Judgment of the Court of Appeal of Évora of 09-07-2015

FINANCIAL LEASING – invalidity of contract clause

In the context of a property leasing agreement, some of its clauses, under the title “compensation”, stated that “the termination or expiry of the agreement for reasons not attributable to the lessor requires the lessee to pay the lessor, in addition to the lease payments outstanding and not paid (…) compensation of 20% of the amount of the lease payments due”. This establishes a penalty clause, in other words, the agreed amount of the compensation due, provided for in Art. 810.1 of the Portuguese Civil Code. In addition, Art. 19(c) of the Law on Standard Business Terms provides that “depending on the standard negotiating framework, in particular, general contract clauses that (…) establish penalty clauses disproportionate to the losses to be make good are prohibited”.

As noted by the Court of Appeal, the percentage of 20% of the lease payments due has been accepted since the emergence of this type of contract, both by virtue of the intervention of Banco de Portugal and by case law, which has considered it a “percentage appropriate to the type of contract in question, not being disproportionate”.

Quoting Prof. Calvão da Silva, the Court mentioned that “judicial control of the penalty clause is required, but limited merely to the correction of infringements; it is merely required to protect the debtor from the iniquities of creditors, but not to deprive creditors of their rightful interests, which include that of the penalty clause as a form of pressure over debtors in order to encourage them to comply with the payment due, which means that in fact it has a moralising effect of ensuring respect for to word given and agreements». It concludes, therefore, that “there is no doubt that this is a situation in which the lessor receives a considerable amount as superprofit, which, together with the other contractual circumstances, must be sufficient to hold the clause blatantly excessive, not demonstrating just a penalty greater than the damage but revealing a clear, patent, substantial and extraordinary disparity between the damage caused and the penalty stipulated”.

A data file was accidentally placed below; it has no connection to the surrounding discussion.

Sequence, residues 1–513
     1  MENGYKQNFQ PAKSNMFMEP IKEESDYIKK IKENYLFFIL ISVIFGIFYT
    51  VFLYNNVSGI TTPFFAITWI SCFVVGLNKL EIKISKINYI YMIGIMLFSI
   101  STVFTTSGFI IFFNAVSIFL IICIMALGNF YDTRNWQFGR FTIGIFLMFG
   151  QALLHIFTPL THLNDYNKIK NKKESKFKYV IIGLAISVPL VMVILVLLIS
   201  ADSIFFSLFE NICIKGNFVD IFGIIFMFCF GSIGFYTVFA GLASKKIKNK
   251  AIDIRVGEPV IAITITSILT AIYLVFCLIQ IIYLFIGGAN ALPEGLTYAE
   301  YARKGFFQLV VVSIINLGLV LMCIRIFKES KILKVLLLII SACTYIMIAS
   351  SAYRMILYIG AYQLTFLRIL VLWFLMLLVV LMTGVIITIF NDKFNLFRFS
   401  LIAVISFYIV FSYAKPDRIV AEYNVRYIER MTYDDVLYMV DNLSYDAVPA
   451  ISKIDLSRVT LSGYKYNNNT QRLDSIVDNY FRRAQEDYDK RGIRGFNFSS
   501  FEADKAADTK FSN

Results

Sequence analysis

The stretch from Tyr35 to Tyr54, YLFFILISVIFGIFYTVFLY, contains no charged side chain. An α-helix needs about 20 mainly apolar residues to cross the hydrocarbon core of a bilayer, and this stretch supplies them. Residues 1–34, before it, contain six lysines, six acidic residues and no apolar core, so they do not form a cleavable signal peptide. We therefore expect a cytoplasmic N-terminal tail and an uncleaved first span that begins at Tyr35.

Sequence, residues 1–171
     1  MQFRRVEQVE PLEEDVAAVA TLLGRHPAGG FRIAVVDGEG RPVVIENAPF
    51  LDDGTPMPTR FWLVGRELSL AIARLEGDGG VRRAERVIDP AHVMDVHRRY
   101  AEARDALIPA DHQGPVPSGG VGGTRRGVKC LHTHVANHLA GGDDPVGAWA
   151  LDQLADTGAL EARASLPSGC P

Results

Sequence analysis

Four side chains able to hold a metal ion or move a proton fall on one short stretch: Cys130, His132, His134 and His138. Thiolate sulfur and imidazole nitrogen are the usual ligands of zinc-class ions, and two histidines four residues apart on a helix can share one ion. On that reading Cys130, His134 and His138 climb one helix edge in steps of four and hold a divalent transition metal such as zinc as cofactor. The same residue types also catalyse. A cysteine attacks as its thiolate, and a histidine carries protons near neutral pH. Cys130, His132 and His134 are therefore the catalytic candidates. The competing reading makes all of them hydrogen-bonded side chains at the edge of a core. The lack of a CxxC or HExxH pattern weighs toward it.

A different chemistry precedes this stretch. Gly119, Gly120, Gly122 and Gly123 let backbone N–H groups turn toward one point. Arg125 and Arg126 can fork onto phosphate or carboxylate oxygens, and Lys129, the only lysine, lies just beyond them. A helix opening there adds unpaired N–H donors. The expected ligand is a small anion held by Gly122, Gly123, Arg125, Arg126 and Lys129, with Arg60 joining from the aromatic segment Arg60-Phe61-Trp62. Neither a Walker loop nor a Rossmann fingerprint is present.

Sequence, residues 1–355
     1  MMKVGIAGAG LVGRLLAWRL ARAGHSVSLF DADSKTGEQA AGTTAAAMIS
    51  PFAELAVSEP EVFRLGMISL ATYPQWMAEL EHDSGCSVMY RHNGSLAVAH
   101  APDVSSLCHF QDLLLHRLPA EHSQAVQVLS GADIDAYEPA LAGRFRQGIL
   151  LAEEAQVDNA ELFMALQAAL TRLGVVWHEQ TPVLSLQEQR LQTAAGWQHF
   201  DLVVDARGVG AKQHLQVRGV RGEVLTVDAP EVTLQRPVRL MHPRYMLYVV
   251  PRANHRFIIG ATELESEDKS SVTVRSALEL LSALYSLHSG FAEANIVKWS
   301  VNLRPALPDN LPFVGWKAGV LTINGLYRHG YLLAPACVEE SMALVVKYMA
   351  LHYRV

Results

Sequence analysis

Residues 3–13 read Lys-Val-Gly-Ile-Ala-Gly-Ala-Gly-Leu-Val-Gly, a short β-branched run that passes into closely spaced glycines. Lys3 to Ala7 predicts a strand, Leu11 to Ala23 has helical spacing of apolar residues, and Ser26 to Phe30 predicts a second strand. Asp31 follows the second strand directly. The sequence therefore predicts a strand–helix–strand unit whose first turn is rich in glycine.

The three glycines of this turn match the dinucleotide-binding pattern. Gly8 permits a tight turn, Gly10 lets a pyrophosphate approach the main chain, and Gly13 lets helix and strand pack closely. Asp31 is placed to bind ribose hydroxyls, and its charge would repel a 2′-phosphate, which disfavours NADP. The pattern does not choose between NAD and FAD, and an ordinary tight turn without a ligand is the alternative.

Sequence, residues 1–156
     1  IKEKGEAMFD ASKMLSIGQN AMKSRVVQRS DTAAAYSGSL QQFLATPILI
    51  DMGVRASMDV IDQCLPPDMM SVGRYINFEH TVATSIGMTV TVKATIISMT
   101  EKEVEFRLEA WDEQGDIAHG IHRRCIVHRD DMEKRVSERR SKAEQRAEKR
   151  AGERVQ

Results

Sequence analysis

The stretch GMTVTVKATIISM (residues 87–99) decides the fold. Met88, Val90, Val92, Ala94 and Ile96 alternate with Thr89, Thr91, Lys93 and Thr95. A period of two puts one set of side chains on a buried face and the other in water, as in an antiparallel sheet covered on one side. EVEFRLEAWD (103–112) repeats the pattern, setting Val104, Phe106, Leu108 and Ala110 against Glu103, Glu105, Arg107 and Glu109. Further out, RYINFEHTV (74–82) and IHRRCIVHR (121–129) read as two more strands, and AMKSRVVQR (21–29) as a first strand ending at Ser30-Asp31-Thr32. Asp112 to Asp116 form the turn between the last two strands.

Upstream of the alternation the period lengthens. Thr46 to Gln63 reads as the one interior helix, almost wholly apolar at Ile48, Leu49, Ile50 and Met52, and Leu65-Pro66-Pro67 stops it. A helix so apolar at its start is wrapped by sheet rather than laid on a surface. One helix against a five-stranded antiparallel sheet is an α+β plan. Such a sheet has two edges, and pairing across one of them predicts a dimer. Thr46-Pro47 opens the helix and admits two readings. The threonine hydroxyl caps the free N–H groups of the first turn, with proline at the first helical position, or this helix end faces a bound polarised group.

After thorough analysis, the Court noted that the “validity of this penalty clause will have to be determined in the specific and global context of this type of agreement, bearing in mind the nature of the proposer’s activity, the specific characteristics of the transaction, the amount of the penalty envisaged therein against the foreseeable losses due to the other party’s failure to comply with the agreement”. The Court therefore decided that the Plaintiff did not suffer losses from the non-compliance of the Defendant and, as such, the penalty clause established was blatantly excessive, for which reason it must be reduced to 50% of its value.

Judgment of the Court of Appeal of Lisbon of 02-07-2015

Bank – Interest rate swap contract – Duty of information – Invalidity of contract – Termination of contract